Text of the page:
We hope that you now have a pretty good idea of how the XML files are structured. For the official details, have a look at our RELAX NG schema or the files themselves.

Getting started: How to extract some data using Python

Let's say, we want to find out how many examples from each language are contained in a LangSci book. Here is how we could do this in Python:

import sys
import xml.etree.ElementTree as ET
from collections import Counter

xmlfile = sys.argv[1]
tree = ET.parse(xmlfile)
root = tree.getroot()

languages = (l.text for l in root.findall(".//language"))
langfreqs = Counter(languages)
print("\n".join("{}: {}".format(c,l) for (l,c) in langfreqs.most_common(10)))

If you call this little script with the path to an lsp-xml file as a command-line argument, a list of the ten most frequent languages with their example counts will be printed. For example, it will print the following for data/klamer.xml at the time of writing:

50: Abui
44: Teiwa
40: Kamang
30: Western Pantar
18: Wersing
15: Adang
10: Blagar
7: Tobelo
3: Klon
3: Kaera

If you rather want a JSON representation of the language frequencies, just replace the last line in the python code above by the following:

print(json.dumps(langfreqs))

Or let's say we want to find out how many examples there are in a book. One simple approach is to find all <example> elements and just count them:

examples = root.findall(".//example")
print(len(examples))

If we run that on the XML files in the data directory, we get (at the time of writing):

1472 berghall.xml
16 cangemi.xml
501 dahl.xml
561 handschuh.xml
491 klamer.xml
2138 schackow.xml
327 wilbur.xml

Beware, however, that this rough count also includes empty <example> elements that are used as mere containers for subexamples.

If you want to dive a bit deeper, you could have a look at our demo script code/explore-lspxml.py that can output more accurate counts and convert lsp-xml examples to simple HTML tables. It provides a small Python class for example sentences that mirrors some aspects of the XML structure discussed above.

Here is how you can use it on the command line. If you provide the path to an lsp-xml file as the single argument, it will print the number of glossed and unglossed example sentences in that file.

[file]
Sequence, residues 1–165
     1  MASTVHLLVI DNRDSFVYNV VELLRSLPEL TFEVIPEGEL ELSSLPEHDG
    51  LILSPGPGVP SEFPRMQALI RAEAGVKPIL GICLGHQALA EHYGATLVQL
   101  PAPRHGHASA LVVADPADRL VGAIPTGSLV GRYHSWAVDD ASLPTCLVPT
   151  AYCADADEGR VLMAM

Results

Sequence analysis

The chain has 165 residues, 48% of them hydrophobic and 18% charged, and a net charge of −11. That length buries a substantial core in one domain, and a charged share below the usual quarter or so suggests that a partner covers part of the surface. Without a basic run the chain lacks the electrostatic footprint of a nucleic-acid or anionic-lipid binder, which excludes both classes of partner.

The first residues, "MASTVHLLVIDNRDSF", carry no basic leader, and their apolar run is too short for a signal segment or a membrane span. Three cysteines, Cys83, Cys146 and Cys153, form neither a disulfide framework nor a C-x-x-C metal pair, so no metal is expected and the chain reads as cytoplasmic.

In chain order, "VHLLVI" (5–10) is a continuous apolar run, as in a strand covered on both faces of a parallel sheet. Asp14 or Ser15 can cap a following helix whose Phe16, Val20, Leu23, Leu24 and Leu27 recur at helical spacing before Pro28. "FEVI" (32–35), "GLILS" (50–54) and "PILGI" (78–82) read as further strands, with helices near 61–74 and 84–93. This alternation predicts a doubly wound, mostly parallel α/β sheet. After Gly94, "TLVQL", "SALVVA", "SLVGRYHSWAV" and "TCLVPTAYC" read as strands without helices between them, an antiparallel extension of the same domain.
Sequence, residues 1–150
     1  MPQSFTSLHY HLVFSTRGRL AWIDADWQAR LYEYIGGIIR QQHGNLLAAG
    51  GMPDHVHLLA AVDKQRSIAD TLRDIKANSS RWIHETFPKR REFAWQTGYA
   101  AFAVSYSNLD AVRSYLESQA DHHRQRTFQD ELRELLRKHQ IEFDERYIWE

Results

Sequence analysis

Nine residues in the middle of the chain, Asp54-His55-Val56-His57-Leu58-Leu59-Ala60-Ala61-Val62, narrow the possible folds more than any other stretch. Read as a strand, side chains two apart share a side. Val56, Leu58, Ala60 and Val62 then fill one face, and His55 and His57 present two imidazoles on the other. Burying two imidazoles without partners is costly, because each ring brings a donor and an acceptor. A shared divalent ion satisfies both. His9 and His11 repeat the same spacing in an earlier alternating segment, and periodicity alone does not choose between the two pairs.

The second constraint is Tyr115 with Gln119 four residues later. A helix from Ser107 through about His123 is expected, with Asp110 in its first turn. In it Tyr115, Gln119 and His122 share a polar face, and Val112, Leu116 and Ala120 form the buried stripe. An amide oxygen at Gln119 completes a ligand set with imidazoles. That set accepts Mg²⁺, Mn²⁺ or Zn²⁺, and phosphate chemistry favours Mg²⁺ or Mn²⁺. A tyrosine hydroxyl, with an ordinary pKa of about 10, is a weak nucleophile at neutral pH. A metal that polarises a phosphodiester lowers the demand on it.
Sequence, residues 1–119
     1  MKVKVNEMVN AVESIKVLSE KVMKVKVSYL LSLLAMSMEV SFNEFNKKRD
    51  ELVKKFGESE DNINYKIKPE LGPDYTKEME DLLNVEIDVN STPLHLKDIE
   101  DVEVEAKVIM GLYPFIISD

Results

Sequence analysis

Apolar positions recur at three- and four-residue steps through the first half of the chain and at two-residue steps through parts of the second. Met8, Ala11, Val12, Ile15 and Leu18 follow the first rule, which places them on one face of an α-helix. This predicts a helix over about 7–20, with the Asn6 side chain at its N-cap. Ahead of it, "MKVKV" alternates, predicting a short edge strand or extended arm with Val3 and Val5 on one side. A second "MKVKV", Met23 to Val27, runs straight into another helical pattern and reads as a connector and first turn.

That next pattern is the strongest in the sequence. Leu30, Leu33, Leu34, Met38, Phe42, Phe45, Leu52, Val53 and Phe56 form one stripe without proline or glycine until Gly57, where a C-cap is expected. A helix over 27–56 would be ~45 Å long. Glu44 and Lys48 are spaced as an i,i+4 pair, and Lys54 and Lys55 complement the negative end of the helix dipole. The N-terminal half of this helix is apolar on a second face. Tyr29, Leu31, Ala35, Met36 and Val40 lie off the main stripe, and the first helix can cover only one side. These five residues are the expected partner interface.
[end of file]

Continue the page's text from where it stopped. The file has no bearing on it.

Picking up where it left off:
$ ./code/explore-lspxml.py data/handschuh.xml

data/handschuh.xml:
369 glossed examples
24 unglossed examples

$ ./code/explore-lspxml.py data/klamer.xml

data/klamer.xml:
352 glossed examples
102 unglossed examples

If you provide an integer i as an additional command-line argument, it will look up the i-th example in the provided file and return it as an HTML table. For example:

$ ./code/explore-lspxml.py data/wilbur.xml 55

<table>
<tr><td>mikkir</td><td>málle</td><td>li-j</td></tr>
<tr><td>which</td><td>blood/nom.sg</td><td>be-3sg.pst</td></tr>
<tr><td colspan="3">‘Which (kind of) blood was it?’</tr>
</table>

In HTML, this will be rendered as:

mikkirmálleli-j
whichblood/nom.sgbe-3sg.pst
‘Which (kind of) blood was it?’

Project ideas: What can you do with it?

Some ideas for applications:

  • A language guessing game: show a random word from an example with a language label and let the player guess from four options which language it might be from.

  • Generate a lexicon for a language by collecting all word or morpheme glosses.

  • Find interesting ways of visualizing glossed linguistic example sentences, using e.g. interactive tables where the user can show or hide certain information, like translations or metadata.